The same company that developed the permeable concrete mentioned above also developed a soft pour (EPDM) material from the same waste collected. The material is first commissioned to be used for jogging tracks at local sports facilities, but is increasingly applied as ground material for play and fitness spaces. The material has been tested and proven to be free of Volatile Organic Compounds (VOC). Collection points are also recently established across the island, enabling the community to contribute their disused sports shoes and avoid having them end in the landfill. Collection points can be found at https://circle.myactivesg.com/old-shoe-new-future In addition to designing with the material, going the extra mile to send unwanted shoes to collection points instead of the chute completes our participation in creating a circular economy through this means.
Off-shore innovation scan
Casting the net beyond the shores of Singapore, exciting innovation await trial and adoption locally.
Basilik, self-healing concrete
This inspires much excitement. A self-repairing concrete made possible by bacteria incorporated into the concrete mix that convert certain nutrients to calcium carbonate when exposed to oxygen and water. The very elements that reduce the lifespan of concrete by corroding reinforcement bars now become the catalysts for the material to self-seal cracks. This is especially helpful in a tropical environment subject to high moisture level. The longevity of concrete is extended, which reduces the need for replacement and the resulting waste. The genius and novelty of the product is in itself worth testing it!
Green ceramics and 3D printing filament
The University of New South Wales Centre for Sustainable Materials Research and Technology (SMaRT@UNSW) presents cutting edge technology for turning waste into building materials. Green ceramics are produced from recycled waste glass and textile fibres, and can be used for wall tiling, floor paving, furniture and more. This is enabled by the MICROfactorieTM technologies developed by the centre which is also able to recycle textiles and plastics into “renewable” filament for 3D printing, an increasingly important construction method for achieving productivity. The beautiful products convincingly promote waste as a resource.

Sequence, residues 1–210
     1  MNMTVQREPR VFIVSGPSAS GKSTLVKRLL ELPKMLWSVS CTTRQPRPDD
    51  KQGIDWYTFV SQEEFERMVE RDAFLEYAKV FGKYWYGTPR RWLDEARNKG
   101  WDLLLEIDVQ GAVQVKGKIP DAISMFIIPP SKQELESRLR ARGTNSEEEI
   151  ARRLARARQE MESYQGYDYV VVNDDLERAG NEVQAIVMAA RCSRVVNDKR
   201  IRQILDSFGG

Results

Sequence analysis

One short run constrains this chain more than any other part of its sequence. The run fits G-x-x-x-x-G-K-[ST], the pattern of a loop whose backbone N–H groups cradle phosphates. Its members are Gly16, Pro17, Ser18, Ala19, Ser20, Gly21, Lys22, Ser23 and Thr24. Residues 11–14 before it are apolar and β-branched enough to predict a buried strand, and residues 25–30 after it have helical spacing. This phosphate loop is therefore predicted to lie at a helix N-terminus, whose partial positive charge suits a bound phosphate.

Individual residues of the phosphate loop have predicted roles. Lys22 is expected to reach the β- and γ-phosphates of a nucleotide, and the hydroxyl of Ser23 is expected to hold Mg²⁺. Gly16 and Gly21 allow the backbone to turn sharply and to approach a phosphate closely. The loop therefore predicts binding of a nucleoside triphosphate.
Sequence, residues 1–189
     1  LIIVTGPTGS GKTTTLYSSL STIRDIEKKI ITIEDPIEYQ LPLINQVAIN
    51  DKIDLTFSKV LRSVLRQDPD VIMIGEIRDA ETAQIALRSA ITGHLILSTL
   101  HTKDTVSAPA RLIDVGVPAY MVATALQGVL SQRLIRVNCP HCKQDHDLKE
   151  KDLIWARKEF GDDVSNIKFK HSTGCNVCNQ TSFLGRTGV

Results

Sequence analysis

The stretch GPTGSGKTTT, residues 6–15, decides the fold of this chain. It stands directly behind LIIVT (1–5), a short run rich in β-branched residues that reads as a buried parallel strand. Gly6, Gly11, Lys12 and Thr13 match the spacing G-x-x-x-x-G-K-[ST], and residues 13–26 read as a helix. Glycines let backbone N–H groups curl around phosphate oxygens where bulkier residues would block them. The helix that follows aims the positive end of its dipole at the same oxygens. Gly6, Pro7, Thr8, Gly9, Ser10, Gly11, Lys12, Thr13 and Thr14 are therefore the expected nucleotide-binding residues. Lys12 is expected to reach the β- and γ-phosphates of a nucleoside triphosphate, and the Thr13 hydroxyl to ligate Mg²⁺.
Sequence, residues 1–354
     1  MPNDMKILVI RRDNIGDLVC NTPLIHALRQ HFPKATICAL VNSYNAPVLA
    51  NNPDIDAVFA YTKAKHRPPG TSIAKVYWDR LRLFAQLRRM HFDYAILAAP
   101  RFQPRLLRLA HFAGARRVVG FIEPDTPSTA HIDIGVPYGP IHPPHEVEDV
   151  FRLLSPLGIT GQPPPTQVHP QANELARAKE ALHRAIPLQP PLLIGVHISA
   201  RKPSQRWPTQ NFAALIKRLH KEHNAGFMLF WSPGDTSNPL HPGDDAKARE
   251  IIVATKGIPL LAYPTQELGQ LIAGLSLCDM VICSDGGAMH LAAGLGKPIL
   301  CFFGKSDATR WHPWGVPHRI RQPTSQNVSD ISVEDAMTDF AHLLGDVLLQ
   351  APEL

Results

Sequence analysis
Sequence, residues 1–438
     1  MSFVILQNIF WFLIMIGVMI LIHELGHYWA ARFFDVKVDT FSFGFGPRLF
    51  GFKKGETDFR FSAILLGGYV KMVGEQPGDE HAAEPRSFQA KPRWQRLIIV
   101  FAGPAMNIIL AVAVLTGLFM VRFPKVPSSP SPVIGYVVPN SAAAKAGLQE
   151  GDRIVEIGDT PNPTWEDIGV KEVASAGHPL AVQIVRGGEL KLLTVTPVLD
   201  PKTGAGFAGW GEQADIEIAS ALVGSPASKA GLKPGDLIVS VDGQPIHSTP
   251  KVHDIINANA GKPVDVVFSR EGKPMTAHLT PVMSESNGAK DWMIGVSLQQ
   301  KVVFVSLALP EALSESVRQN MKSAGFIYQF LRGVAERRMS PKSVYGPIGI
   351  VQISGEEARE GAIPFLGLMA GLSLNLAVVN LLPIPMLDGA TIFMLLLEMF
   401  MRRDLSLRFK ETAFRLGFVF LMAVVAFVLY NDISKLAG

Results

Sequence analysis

The detail in detail design
In addition to adopting materials designed to create circular economy, small efforts like detailing design with a consciousness to reduce material wastage can go a long way to reduce construction waste. This can be as simple as choosing paving patterns that will minimise offcuts of material that cannot be used for the project.
May this article inspire even more ideas for how Landscape Architects and other built environment professionals can reduce waste or create circular economies. I would love to hear from you if you have some!
About the Author:
Abby Ng is a Landscape Architect, architectural designer and urban thinker with more than a decade’s practice at National Parks Board Singapore, having directed the design and development of major green spaces including Jurong Lake Gardens, Sungei Buloh Nature Parks network parks in Singapore. A keen advocate for sustainability, she pioneers the adoption of new technologies in sustainable materials, waste to energy systems, mobility, circular economies and decarbonisation in the built environment.